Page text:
Today we decided to do something different, and take a Thai cooking class. We both enjoy Thai food, and we both enjoy cooking, so this was the perfect opportunity to learn a little bit about how authentic Thai food is made. After a short investigation, we signed up for the daytime class at Baan Thai cooking school.
The rest of this update feels a bit like a powerpoint presentation gone bad, but it seems like the best way to share our experiences at the course (other than the photos of the yummy food of course!)
Our class began with a tour if the local market. Among other things, we learned:
- what a Kaffir lime (the fruit of the tree that makes Kaffir lime leaf) looks like,
- how coconut milk is made,
- that eggplant comes in a variety of sizes and colours including ones that look like large peas
- that the difference between the white tofu and yellow tofu is that the yellow tofu has been marinated in turmeric.
In the class we prepared:
- a stir fry (Becky: fried cashew nut with chicken – kai pat med ma maung him ma pan, Scott: fried noodle thai style – phad thai)
- an appetizer (Becky: Papaya salad – som tam, Scott: spring roll – pho pea thod)
- a soup (Becky: Hot and sour prawn soup – tom yum kung, Scott: Seafood in coconut milk – tom kaa koong),
- a curry paste (Becky: red curry paste – namphrik gaeng phet, Scott: Panaeng curry paste – namphrik gaeng hung lay)
- a curry (Becky: Chiang Mai noodle with chicken – kao soy, Scott: Panaeng curry with chicken – pha naeng kai)
- a dessert (Becky: Water chestnuts in coconut milk – tub tim krawp, Scott: Mango with sticky rice – kao neeaw ma muang)
Some of the fun things we learned from the class include:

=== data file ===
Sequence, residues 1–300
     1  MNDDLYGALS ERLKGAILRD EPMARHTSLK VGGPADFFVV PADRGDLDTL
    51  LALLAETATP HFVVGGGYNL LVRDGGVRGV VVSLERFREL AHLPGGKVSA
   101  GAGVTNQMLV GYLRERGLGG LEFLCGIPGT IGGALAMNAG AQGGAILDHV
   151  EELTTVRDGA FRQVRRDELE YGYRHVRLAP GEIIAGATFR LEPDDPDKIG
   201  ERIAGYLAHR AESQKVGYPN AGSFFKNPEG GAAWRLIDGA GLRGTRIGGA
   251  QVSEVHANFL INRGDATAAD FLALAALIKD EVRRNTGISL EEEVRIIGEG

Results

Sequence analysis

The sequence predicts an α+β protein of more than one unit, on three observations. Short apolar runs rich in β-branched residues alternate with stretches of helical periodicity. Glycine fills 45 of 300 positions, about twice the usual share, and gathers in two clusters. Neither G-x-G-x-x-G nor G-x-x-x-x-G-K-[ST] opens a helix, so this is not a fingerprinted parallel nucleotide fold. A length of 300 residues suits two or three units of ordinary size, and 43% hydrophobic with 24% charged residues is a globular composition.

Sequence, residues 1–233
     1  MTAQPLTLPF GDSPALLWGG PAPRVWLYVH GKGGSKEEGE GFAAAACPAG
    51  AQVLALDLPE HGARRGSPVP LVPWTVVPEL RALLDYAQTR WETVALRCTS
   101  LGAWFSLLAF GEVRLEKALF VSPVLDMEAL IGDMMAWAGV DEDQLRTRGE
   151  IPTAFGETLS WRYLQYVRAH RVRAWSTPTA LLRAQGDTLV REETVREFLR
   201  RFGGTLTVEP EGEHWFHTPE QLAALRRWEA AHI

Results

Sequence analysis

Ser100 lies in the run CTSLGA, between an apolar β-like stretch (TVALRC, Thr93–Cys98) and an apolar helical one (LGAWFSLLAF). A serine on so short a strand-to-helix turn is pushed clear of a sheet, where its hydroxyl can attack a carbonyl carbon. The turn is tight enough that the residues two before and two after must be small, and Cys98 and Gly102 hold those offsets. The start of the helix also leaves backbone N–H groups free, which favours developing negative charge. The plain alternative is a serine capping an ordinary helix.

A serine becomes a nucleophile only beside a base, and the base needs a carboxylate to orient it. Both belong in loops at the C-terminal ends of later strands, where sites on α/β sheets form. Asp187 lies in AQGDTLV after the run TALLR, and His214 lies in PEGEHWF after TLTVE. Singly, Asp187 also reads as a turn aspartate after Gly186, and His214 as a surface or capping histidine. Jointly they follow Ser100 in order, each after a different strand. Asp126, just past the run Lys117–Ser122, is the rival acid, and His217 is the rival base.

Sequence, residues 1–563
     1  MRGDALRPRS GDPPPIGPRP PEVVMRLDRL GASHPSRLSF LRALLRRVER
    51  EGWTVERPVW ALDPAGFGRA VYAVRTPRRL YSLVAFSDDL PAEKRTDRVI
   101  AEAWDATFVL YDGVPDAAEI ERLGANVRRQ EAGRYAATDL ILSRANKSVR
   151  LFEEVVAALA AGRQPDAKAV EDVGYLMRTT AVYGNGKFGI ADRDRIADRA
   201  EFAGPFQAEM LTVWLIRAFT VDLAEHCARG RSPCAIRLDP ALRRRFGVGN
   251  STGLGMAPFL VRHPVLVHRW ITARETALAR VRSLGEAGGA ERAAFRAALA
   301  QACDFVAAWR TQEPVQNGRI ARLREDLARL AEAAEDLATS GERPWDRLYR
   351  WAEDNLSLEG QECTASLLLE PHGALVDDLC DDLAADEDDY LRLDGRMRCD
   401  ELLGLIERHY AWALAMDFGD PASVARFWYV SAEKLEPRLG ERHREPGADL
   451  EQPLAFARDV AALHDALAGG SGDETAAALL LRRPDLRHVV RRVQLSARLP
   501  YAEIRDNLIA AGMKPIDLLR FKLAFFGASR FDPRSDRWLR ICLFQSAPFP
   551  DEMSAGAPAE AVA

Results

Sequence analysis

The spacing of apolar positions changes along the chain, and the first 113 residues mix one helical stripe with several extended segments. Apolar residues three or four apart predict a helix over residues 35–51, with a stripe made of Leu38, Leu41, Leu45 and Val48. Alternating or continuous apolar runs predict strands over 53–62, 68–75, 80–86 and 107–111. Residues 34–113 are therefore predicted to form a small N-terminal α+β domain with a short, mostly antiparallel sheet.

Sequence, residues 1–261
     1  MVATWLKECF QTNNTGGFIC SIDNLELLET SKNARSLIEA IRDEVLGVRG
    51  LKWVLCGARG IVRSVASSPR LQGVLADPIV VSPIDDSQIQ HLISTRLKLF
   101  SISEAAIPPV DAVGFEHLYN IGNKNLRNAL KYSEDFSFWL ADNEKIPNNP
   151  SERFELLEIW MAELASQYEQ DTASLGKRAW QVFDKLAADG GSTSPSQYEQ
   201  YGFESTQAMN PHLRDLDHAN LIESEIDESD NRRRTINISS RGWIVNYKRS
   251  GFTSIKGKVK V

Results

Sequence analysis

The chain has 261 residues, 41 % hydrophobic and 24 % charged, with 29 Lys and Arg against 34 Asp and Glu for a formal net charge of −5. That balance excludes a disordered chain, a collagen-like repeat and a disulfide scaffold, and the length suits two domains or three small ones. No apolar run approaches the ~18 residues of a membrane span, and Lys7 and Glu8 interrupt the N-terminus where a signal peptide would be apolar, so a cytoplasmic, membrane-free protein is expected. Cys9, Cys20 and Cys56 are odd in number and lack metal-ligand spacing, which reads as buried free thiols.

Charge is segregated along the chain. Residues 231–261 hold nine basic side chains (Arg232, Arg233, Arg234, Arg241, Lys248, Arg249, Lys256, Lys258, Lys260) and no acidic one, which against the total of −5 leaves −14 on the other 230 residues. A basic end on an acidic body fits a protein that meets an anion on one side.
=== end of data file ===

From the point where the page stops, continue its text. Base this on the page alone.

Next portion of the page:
- That Thai food isn’t that hard to make when you have a team of invisible (and visible) helpers there to ensure everything runs smoothly.
- A controllable gas flame for the wok makes wok cooking much easier.
- Coconut milk can be boiled vigorously without harm (note that the coconut milk we used here was much thinner than the canned stuff from home).
- Proper wok implements make stirring/mixing easier (curved metal spoon and spatula – not wooden spoons).
- An extra-large mortar and pestle (and wooden elephant stand) work great for making curries.
- Deep fried cashew nuts are really yummy!
After the class, we learned from Maddie, one of the students in our class, of an inexpensive and really nice set of bungalows centered around a beautiful courtyard garden. We rode over to check it out, and ended up visiting with people there for a few hours. We will move over to the Gong Kaew Huen Kum tomorrow. It’s on Singharat 3 Soi if you’re looking for it. They have nice air conditioned bungalow rooms for 680 Baht per night, including Internet (wireless and a couple of kiosks), coffee, and toast. The people are really friendly, and there is definitely a backpacker culture there. The Sira Boutique was nice, but felt a bit too upscale for our “style”. It feels weird saying that, since we both used to like nice hotels!